I sat there on my small twin bed in shock. As I was putting my clothes back on, I stared at the brand-new Days-Of-The-Week panties I had been wearing. I had been so excited when Mom finally bought me a set. I sobbed when I discovered that during the struggle, the Wednesday applique was partially torn off and now barely hung onto the silk. I tried to push it back on, but it wouldn’t stay. I focused on that torn applique for what seemed like hours. I promised myself that I would never wear Wednesday again.
Certainly, it was Wednesday’s fault and not wearing Wednesday could possibly prevent this atrocity from ever reoccurring. That’s actually a trauma response known as “Identification with the Aggressor.” As a victim, if I can find something that I feel was my fault in causing the abuse—something that I can alter or try to control—then I can have hope that it won’t happen again. If I blamed you for the abuse, if I focused on the reality of the situation and accepted the fact that I was powerless, my little mind had no hope to cling to that the abuse would ever stop. So instead of blaming you, I absorbed all of the blame myself.
Regardless of what defense mechanisms I employed to survive, I was wrong. It wasn’t Wednesday’s fault, it was your fault, and nothing I could ever do would stop you from victimizing me repeatedly for the next several years. Without warning, I was thrown into a battle I never wanted to be in and lived suffering through a fight I could never win.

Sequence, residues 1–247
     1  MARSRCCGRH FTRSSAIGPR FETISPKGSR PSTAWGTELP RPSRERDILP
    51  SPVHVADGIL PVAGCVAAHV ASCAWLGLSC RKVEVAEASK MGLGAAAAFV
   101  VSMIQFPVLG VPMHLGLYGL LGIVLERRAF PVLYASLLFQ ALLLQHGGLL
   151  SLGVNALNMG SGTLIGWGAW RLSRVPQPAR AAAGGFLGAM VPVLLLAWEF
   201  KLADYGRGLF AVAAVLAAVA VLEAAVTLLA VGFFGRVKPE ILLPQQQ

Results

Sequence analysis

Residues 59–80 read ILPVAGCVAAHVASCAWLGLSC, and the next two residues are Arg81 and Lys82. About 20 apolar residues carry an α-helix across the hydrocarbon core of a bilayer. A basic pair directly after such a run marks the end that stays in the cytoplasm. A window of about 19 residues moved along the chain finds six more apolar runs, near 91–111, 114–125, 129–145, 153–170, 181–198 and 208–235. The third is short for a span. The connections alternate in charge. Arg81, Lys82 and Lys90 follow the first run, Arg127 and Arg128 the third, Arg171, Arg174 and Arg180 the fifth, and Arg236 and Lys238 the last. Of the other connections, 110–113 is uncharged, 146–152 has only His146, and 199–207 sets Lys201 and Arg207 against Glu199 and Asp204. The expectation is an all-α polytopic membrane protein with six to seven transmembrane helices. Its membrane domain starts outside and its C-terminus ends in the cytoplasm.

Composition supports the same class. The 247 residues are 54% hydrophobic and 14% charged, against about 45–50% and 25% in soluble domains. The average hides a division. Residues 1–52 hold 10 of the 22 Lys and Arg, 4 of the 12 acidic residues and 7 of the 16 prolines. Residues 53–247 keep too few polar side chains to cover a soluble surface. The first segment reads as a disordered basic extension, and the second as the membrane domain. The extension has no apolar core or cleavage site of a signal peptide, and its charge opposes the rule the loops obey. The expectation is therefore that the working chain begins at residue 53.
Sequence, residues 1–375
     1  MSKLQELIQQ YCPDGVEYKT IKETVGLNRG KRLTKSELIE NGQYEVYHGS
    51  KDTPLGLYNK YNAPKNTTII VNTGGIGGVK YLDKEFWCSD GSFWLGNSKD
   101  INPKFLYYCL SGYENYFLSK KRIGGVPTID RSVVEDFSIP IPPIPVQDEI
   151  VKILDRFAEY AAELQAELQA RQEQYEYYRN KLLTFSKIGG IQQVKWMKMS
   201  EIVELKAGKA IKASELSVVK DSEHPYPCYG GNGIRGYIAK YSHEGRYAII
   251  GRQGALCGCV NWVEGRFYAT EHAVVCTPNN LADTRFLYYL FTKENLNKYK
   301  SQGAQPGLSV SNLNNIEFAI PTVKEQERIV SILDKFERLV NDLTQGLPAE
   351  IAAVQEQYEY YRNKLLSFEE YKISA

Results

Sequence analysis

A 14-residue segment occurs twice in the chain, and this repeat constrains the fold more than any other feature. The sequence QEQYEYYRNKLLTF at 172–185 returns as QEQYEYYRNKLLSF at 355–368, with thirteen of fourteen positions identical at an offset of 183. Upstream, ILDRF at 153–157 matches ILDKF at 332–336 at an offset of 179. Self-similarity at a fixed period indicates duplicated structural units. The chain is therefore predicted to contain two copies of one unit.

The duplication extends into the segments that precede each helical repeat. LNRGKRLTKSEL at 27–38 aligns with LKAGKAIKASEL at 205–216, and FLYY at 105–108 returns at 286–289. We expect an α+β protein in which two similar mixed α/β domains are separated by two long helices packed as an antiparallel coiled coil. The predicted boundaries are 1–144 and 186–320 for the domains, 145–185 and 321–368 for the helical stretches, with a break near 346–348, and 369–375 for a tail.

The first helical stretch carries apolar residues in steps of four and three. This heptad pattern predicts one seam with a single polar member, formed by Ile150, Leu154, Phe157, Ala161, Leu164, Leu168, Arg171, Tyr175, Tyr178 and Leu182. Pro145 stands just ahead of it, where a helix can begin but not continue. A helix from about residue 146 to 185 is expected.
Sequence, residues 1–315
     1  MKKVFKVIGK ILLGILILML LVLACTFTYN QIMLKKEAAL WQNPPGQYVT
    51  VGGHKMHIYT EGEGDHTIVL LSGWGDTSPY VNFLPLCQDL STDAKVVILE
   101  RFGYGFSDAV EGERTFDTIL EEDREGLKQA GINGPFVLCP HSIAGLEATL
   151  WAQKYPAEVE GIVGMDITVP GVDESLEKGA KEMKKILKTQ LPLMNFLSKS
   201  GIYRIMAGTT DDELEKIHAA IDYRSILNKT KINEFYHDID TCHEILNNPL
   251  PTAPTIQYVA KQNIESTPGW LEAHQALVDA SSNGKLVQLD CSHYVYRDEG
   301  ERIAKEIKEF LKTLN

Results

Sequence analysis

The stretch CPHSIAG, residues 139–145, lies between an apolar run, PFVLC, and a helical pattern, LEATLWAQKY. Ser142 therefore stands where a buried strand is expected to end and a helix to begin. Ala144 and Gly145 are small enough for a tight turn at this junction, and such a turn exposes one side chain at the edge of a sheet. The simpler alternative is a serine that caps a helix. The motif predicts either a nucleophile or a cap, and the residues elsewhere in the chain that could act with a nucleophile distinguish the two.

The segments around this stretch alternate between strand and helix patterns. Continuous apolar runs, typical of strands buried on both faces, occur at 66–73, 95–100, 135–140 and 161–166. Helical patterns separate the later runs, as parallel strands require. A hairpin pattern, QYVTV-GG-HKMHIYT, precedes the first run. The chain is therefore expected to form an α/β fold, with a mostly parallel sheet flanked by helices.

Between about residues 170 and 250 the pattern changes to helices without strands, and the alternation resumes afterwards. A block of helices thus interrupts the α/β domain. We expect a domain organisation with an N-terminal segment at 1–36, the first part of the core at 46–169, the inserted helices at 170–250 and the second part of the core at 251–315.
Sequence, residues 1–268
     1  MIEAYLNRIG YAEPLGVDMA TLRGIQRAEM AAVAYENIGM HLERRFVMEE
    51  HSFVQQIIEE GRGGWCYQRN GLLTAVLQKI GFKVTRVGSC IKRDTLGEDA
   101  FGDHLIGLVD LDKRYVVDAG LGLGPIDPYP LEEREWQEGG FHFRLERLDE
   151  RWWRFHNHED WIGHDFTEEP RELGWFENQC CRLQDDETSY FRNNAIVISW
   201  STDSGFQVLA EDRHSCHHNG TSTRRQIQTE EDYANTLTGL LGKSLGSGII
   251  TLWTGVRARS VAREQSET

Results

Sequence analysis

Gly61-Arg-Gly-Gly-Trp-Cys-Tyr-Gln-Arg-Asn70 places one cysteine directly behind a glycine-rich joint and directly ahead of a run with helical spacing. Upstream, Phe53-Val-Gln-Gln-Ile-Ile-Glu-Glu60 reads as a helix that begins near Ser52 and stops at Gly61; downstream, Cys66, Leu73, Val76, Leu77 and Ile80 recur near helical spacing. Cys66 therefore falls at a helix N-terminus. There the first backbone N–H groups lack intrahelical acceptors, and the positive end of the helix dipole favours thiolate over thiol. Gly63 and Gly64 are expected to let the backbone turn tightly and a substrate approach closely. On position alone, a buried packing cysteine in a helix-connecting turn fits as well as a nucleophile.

I was a little girl. All of my dreams and beliefs were crushed and I began acquiring survival skills to assist me in surviving atrocities a child should never have to endure. If I lied at school and said I was sick, Mom would have to come get me and she always took me back to work with her. This priceless trick meant I didn’t have to be home alone with you after school. I mastered the art of keeping water in my mouth from the drinking fountain and going back into class, running to the trash can and pretending to vomit. The sound of the sickening splash hitting the empty metal trash can always resulted in my being sent quickly to the office to go home.